August19.9
September11.3
October9.2

Percentages based on valid percentage.

 

Return to your place in the textTable 2. Farmers’ Market Transactions Before (2011) and After Shop N Save (SNS) (2012) by Payment Type
Type of PaymentTotalBefore SNS (2011)After SNS (2012)P Value
N ($)N (%)Total Purchase/Transaction
(Average Purchase/Transaction), $
N (%)Total Purchase/Transaction
(Average Purchase/Transaction), $
Total transactionsa7,357 (30,005.33)3,667 (100)14,285.60 (3.90)3,690 (100)15,719.73 (4.26)<.001
Cash4,346 (14,877.18)2,595 (71)8,803.10 (3.39)1,751 (47)6,074.08 (3.47).39
Shop N Save matching couponb607 (3,071.00)NANA607 (16)3,071.00 (5.06)NA
Total, all food assistance1,276 (8,499.40)359 (10)2,577.75 (7.18)917 (25)5,921.65 (6.46).002
SNAP245 (1,468.40)58 (2)286.75 (4.94)187 (5)1,181.65 (6.32).02
WIC or WIC FMNP375 (2,860.00)169 (5)1,354.00 (8.01)206 (5)1,506.00 (7.31).08
Senior FMNP656 (4,171.00)132 (4)937.00 (7.10)524 (14)3,234.00 (6.17).004
Other payment1,128 (3,557.75)713 (19)2,904.75 (4.07)415 (11)653.00 (1.57)<.001

Abbreviations: NA, Not available; SNAP, Supplemental Nutrition Assistance Program; WIC, Supplemental Nutrition Program for Women, Infants, and Children; FMNP, Farmers’ Market Nutrition Program.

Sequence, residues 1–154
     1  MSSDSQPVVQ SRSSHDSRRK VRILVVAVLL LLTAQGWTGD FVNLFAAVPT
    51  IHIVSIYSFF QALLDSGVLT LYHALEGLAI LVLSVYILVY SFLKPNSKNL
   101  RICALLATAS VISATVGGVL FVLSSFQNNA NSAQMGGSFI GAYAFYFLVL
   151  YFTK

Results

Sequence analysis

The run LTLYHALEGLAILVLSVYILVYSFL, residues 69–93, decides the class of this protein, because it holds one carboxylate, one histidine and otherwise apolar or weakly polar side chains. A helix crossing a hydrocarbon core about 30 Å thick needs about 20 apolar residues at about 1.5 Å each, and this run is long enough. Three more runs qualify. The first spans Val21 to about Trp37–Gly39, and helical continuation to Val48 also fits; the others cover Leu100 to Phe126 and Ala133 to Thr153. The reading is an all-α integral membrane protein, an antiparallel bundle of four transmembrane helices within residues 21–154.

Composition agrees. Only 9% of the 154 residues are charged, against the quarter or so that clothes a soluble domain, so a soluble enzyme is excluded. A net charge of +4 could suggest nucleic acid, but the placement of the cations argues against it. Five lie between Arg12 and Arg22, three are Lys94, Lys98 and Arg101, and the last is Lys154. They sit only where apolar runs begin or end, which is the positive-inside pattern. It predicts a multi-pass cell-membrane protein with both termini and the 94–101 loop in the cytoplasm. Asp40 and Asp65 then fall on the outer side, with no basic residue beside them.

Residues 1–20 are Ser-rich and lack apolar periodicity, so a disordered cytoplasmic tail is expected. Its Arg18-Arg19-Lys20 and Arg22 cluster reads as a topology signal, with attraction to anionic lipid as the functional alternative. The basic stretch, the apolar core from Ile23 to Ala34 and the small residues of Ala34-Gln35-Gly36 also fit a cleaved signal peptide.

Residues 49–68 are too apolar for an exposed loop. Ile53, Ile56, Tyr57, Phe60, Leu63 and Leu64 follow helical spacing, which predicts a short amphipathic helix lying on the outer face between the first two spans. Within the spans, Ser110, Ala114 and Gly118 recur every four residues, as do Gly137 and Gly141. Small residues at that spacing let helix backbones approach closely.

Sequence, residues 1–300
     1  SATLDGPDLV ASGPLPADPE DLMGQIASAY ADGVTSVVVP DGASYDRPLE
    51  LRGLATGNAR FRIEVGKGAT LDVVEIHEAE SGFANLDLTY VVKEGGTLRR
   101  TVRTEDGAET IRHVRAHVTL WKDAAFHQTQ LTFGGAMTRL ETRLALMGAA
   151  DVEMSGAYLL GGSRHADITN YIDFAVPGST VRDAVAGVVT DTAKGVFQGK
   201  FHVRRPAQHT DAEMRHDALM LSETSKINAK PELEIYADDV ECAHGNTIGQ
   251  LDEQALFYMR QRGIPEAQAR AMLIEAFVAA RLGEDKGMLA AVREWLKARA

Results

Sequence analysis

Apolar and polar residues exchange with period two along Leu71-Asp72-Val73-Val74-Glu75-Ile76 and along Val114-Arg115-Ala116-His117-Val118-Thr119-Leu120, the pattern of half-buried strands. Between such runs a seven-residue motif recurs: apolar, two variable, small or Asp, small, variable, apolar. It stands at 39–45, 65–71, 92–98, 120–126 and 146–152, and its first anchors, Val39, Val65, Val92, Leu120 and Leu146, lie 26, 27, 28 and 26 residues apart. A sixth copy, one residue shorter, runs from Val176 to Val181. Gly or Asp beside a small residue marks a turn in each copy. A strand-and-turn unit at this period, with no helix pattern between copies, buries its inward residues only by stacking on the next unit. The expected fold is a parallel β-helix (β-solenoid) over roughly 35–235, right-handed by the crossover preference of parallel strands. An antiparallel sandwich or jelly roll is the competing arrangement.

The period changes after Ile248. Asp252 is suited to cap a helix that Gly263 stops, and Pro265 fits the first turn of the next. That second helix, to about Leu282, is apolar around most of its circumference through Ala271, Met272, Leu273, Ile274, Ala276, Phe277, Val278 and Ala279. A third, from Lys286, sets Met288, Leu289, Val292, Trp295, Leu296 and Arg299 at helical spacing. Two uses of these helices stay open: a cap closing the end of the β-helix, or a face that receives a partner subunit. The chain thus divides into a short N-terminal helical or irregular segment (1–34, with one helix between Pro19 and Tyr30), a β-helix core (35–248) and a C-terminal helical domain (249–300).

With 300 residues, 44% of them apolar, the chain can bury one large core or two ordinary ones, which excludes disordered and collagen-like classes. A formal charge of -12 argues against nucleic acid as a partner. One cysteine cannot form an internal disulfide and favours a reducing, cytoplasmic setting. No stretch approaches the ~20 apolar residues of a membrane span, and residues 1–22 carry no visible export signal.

a Total transactions includes all payment types recorded on the receipts. One receipt may result in 3 transactions, for instance, if 3 different payment types were used.
b Shop N Save matching coupons were worth $5 each and were provided to SNS participants after they spent ≥$5 in food assistance at the farmers’ market. One coupon could be redeemed per week.

Top of Page



The opinions expressed by authors contributing to this journal do not necessarily reflect the opinions of the U.S. Department of Health and Human Services, the Public Health Service, the Centers for Disease Control and Prevention, or the authors' affiliated institutions.


 
For Questions About This Article Contact pcdeditor@cdc.gov
USA.gov: The U.S. Government's Official Web PortalDepartment of Health and Human Services
Centers for Disease Control and Prevention   1600 Clifton Rd. Atlanta, GA 30333, USA
800-CDC-INFO (800-232-4636) TTY: (888) 232-6348 - Contact CDC–INFO
A-Z Index
  1. A
  2. B
  3. C
  4. D
  5. E
  6. F
  7. G
  8. H
  9. I
  10. J
  11. K
  12. L
  13. M
  14. N
  15. O
  16. P
  17. Q
  18. R
  19. S
  20. T
  21. U
  22. V
  23. W
  24. X
  25. Y
  26. Z
  27. #